Welcome to AMERICAN MOSAIC in VOA Special English.
I'm Doug Johnson.
Today, we play music by Raheem DeVaughn …
Answer a question about how to become a doctor in the United States …
And tell about the "World's Longest Yardsale."
Long Yard Sale
If you cannot find what you want at the yard sale we are about to tell you about, then maybe what you want just does not exist. Because this yard sale runs all the way from the Midwestern state of Ohio to the Southern state of Alabama. That is more than one thousand kilometers of goods for sale along US Route One Twenty-Seven. Faith Lapidus has our story.
It seems like almost everyone buys or sells goods at yard sales in the United States. People place used personal or household goods for sale outside their homes.
|Last year's sale|
The US One Twenty-Seven Corridor Sale is known as the World's Longest Yardsale. It began in nineteen eighty-seven. The event's headquarters is in Jamestown, Tennessee. A former local official, Mike Walker, came up with the idea. He thought it would bring people to the area and show them that small country roads have a lot to offer. Others agreed. They wanted people to consider traveling on these roads instead of the popular interstate system.
Every year, the four-day sale begins on the first Thursday in August. So August seventh marks the opening of the twenty-first World's Longest Yardsale. The event now crosses five states --- Ohio, Kentucky, Tennessee, Georgia, and Alabama.
Tens of thousands of sellers take part. Some people who live along or near Route One Twenty-Seven simply place their goods for sale in front of their house. Others use nearby public spaces, like parks. People sell everything and anything at the sale: furniture, clothing, toys, books and music. You can also find sporting goods, farm equipment, tools and art. And, lots of other things. Tens of thousands of people from across the country drive along the road in search of interesting things to buy. Route One Twenty-Seven becomes crowded with vehicles.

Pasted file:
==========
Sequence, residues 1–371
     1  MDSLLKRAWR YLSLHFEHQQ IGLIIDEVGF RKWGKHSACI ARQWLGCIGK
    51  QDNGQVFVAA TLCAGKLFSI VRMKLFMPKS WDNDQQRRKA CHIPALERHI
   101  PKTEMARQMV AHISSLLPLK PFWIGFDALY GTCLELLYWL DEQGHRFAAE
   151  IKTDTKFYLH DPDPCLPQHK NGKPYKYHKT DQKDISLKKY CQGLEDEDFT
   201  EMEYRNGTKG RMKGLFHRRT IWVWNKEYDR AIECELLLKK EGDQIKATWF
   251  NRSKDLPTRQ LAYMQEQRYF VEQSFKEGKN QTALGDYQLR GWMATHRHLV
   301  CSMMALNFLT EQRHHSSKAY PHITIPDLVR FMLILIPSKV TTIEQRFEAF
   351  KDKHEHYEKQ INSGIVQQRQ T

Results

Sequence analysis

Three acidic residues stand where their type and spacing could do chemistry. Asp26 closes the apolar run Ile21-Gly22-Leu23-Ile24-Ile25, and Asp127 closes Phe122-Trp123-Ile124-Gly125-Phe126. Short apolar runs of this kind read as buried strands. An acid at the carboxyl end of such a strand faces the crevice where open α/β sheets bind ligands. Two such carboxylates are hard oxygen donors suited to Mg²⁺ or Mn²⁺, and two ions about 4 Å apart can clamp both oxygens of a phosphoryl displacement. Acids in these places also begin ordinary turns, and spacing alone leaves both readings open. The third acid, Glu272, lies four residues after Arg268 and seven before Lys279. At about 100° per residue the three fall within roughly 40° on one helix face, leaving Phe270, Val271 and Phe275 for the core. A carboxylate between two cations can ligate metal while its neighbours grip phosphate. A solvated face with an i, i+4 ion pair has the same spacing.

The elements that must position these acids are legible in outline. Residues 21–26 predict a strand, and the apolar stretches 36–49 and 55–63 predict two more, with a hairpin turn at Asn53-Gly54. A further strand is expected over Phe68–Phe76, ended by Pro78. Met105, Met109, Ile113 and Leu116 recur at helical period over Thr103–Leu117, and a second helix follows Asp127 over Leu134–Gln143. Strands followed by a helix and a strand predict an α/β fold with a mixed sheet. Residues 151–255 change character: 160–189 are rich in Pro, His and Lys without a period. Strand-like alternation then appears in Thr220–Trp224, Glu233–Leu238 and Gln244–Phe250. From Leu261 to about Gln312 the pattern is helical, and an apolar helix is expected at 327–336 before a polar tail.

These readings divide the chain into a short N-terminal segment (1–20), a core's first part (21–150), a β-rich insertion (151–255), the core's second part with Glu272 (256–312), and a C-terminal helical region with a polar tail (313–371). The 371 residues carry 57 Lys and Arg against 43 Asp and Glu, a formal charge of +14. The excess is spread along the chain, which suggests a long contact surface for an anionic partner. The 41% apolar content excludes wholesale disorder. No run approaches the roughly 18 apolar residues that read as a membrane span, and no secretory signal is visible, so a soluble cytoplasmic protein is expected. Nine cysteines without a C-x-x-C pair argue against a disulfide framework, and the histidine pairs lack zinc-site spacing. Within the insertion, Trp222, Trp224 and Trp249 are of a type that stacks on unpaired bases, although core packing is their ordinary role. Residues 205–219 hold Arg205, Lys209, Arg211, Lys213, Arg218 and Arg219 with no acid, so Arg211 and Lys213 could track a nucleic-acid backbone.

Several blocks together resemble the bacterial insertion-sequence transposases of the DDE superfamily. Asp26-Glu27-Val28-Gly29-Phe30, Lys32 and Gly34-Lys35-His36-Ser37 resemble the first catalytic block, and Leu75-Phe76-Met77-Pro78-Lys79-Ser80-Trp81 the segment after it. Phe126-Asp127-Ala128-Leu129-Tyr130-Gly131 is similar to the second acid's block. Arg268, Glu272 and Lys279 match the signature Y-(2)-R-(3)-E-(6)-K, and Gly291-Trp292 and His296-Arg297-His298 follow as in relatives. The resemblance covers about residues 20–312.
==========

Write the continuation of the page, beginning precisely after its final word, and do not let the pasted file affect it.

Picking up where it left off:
Leeann Hustonis the director of tourism and membership at the Fentress County Chamber of Commerce in Jamestown, Tennessee. She says last year she came close to buying one of strangest looking pieces of furniture she has ever seen --- a big, old, round bed. She said it had a complex design on the shiny, smooth, light blue and white material that covered it. Miz Huston says the bed was made in the nineteen thirties or forties. She said it looked like something that should be at Elvis Presley's home, Graceland, in Memphis, Tennessee. She says she thinks it sold for more than one thousand dollars.
Our listener question this week comes from Ethiopia. Solomon Mengist Gardie wants to know how a person becomes a medical doctor in the United States.
|Medical students Paul Haun and Elizabeth Schulz attend class at the Medical College of Georgia in February|
It is not easy to become a doctor in the United States. Students must attend a college or university and do well in their studies. Students who want to become doctors usually study large amounts of biology and chemistry in college. Some students work for a year or two in a medical or research job before they attempt to enter medical school.